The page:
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Peer-Review Record

A Wolf in Another Wolf’s Clothing: Post-Genomic Regulation Dictates Venom Profiles of Medically-Important Cryptic Kraits in India

Reviewer 1: John Dunbar
Reviewer 2: Anonymous
Reviewer 3: Anonymous
Received: 16 December 2020 / Revised: 30 December 2020 / Accepted: 1 January 2021 / Published: 19 January 2021
(This article belongs to the Special Issue Drivers of Venom Potency across the Animal Kingdom)

Round 1

Reviewer 1 Report

Snakebite is an important disease of the rural tropical poor that kills approx. 138,000 people annually, with estimations of 50,000 annual deaths in India alone, and many times more victims survive with lifelong disabilities.

The authors have carried out very important research that demonstrates why the burden of mortality and morbidity from snakebite persists despite availability of antivenom. It demonstrates the value, and need for further comprehensive understanding of species identities, venom profiles and to determine regional variation among snake species. This is important for immediate development of regional antivenoms and in the future for designing next generation broad spectrum antivenoms capable of neutralising the clinical manifestations of envenoming’s by sympatric species.

It was a pleasure to read this very interesting study that was carried out and written to a very high standard.

 

Suggestions:

Line 30: Suggest changing "Bite" to "Bites"

Line 73-74: For readers who are not immediately familiar with the locations, I suggest adding the locations for Rajasthan, Maharashtra and Karnataka to the map in Figure 1A. Also name the locations for the circles depicting the isolated records.

Line 86: Suggest adding West Bengal to the map in Figure 1A.

Author Response

Please see the attachment

Author Response File: Author Response.pdf

Reviewer 2 Report

       

The paper is thorough and multidisciplinary, covering phylogeny, transcriptomics, proteomics, and toxicology. The species in question are medically significant. The authors have elucidated the phylogentic relationships of the Bungarus clade on the Indian subcontinent, and made a comparative analysis of their venom compositions. I am happy to approve for publication, although I would recommend the following minor textual changes;

Line 5,6 – remove inverted comma’s from “phenotypically similar”

Line 23 – change “alarming” to “poor”

Line 60 – change “Thus we emphasise” to “Therefore we highlight”

Line 157-158 – change “a heterodimeric toxin with PLA2 and Kunitz activities” to “a presynaptic neurotoxin which is a heterodimer of a PLA2 and a Kunitz peptide”

Line 439 – change “colossal” to “large”

Line  445-446 – change “Thus, there is a pressing need to produce  regionally effective antivenoms in India to safeguard the lives of hundreds of thousands of snakebite victims.”, to  “Given the high population densities in this region, there is a need for a more regionally specific antivenom”.

Author Response

Please see the attachment.

Author Response File: Author Response.pdf

Reviewer 3 Report

A wolf in another wolf’s clothing: Post-genomic regulation dictates venom profiles of medically-important cryptic kraits in India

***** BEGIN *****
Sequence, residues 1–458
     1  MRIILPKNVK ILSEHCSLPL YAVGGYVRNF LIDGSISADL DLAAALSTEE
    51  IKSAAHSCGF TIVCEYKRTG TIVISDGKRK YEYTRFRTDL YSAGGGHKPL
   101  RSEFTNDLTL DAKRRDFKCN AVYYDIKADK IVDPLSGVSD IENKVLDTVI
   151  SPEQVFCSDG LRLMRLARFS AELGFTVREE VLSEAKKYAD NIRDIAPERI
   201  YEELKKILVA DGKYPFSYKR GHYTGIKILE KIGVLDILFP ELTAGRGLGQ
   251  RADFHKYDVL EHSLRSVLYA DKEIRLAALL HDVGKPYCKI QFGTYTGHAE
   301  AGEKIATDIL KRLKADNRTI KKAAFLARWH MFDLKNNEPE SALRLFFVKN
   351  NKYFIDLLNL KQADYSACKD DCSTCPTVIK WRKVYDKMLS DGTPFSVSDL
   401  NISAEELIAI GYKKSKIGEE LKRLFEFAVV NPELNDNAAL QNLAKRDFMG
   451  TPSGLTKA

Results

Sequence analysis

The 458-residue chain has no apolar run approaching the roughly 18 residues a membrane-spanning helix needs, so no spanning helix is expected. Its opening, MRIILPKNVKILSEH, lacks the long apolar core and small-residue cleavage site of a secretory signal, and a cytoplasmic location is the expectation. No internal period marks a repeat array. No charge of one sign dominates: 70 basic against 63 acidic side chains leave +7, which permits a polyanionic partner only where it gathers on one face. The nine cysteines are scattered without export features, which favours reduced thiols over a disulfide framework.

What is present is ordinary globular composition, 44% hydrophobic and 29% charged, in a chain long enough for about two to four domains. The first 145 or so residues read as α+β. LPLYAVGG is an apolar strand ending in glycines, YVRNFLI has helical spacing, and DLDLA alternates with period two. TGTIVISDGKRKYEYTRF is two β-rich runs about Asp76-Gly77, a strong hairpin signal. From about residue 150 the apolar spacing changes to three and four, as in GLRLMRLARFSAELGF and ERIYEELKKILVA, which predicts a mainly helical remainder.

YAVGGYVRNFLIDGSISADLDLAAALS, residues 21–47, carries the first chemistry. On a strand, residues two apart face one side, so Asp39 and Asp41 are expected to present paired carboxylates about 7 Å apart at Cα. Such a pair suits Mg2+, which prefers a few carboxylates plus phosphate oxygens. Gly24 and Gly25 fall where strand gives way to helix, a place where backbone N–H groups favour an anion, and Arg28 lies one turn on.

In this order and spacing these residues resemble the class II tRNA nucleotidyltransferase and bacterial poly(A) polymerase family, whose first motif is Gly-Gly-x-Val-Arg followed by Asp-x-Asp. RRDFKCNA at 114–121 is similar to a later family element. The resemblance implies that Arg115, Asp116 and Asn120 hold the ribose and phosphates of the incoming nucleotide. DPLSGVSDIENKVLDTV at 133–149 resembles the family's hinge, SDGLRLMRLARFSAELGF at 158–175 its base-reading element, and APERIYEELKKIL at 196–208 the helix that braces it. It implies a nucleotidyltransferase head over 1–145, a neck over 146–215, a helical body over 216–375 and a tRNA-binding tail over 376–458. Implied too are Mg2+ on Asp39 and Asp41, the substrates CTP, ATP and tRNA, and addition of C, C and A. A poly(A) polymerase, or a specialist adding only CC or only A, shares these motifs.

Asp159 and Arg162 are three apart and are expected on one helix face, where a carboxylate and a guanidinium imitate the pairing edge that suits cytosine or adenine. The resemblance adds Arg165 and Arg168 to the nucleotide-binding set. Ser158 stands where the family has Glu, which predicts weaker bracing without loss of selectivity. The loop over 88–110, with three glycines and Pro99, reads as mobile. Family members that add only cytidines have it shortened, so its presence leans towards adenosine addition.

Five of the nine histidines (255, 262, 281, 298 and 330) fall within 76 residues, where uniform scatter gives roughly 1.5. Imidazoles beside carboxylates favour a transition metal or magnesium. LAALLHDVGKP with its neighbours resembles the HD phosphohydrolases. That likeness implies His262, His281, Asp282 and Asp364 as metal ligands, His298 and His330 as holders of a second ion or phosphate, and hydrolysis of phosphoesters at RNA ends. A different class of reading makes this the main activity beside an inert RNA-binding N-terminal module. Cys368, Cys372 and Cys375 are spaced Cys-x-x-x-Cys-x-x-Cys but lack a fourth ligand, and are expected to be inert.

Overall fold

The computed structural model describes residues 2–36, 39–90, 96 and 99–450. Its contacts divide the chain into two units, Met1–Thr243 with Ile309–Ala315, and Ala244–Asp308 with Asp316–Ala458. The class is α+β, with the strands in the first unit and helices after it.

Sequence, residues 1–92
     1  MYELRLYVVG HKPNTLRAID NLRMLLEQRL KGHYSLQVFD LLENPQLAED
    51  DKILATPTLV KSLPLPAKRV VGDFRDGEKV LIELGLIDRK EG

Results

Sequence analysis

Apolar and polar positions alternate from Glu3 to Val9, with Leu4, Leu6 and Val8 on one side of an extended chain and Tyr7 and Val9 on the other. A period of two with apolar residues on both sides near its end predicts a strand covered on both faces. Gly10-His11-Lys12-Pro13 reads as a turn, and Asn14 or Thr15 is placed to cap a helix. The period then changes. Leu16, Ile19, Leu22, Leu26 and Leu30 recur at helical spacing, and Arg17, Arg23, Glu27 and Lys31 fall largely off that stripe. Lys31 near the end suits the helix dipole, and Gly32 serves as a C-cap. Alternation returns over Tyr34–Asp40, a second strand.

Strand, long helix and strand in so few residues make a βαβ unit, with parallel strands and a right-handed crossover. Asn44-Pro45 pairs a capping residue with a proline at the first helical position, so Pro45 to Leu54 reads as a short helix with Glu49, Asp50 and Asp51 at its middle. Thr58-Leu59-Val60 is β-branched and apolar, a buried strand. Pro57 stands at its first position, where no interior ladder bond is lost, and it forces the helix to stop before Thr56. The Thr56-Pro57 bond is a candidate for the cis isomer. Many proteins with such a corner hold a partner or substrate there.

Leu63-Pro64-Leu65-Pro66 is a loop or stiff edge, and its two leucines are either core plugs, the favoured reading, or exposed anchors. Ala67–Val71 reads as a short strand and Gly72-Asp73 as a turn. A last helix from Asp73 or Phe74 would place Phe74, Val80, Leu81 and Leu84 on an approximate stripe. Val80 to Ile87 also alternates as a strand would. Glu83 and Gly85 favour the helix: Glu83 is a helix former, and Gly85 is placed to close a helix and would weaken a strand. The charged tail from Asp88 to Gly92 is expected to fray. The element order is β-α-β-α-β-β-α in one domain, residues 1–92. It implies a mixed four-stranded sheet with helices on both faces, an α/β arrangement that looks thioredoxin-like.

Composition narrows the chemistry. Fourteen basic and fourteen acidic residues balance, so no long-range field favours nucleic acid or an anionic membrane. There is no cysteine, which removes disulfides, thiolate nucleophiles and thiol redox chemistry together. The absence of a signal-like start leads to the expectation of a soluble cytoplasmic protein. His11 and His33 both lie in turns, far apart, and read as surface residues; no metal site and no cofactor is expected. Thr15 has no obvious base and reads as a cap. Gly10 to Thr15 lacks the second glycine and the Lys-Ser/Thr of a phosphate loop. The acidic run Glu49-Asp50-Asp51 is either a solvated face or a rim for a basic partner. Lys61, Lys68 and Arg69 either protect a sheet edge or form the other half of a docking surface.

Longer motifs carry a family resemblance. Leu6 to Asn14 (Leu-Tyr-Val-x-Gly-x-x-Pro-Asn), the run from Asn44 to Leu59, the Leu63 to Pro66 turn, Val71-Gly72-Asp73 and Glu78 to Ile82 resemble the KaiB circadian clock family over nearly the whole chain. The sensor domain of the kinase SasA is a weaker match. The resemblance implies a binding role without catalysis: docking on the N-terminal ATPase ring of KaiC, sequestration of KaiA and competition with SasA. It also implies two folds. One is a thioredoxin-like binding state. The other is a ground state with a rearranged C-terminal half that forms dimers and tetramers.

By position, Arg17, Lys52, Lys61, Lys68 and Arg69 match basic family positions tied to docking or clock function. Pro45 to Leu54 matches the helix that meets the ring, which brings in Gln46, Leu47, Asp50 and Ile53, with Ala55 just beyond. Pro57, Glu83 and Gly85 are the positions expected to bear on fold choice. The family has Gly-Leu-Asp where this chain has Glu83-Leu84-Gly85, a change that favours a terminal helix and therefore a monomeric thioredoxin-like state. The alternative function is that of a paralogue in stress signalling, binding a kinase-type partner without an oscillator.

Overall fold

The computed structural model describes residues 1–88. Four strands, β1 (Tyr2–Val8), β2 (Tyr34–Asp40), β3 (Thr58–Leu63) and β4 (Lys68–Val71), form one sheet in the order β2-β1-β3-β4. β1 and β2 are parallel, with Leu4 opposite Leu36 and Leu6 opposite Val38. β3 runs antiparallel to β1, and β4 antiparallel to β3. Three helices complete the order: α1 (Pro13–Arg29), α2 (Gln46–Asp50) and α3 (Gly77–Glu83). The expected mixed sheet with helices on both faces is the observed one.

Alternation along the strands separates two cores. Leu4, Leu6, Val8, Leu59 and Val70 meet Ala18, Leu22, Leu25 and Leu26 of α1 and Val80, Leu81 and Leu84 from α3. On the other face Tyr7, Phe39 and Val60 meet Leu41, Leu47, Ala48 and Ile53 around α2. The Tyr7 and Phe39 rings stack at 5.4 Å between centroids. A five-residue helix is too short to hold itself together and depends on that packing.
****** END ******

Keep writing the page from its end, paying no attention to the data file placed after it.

In the present study, the authors conducted phylogenetic and comparative venomics investigations of kraits in Southern and Western India to understand the distribution of genetically-distinct lineages of kraits, compositional differences in their venoms, and the consequent impact of venom variation on the (pre)clinical effectiveness of antivenom therapy. In my opinion, the study is still interesting and innovative, including was well delineated. However, I have some comments:

Comment (1): In my opinion, title is good but it should be changed to be more attractive.

Comment (2): Abstract. The background topic is poor. It is necessary include at least one more clear objective for study. Unfortunately, I cannot catch the aim of work. In addition, a more concluded sentence is required.

Comment (3): Introduction. There is a brief review of existing knowledge and relevance of study but it is missing more information. I suggest to the authors to include some reports about the number of victims of these snakes in India.

- General comment: Proofreading is strongly recommended to ensure that the text is easily understandable.

Comment (4): Results. Very good written results. A lot of information are included.

Figure 1A. I recommend to the authors to add clear photos of the snakes. Actually, I cannot see what they are included.

Figure 1B. Could you please explain to me what protein families are present in the venom? Add a little description in the figure legend.

Comment (5): Discussion. Great information in this section but need a proofreading to improve it well.

Comment (6): Conclusion. The authors concluded their works at the end systematically.

Comment (7): Materials and Methods. It is clear and the details are sufficient to understand the strategies adopted for the development of the study.

Comment (8): Figures and legends. Legends are adequate and figures are necessary to understand the results obtained.

Author Response

Please see the attachment

Author Response File: Author Response.pdf

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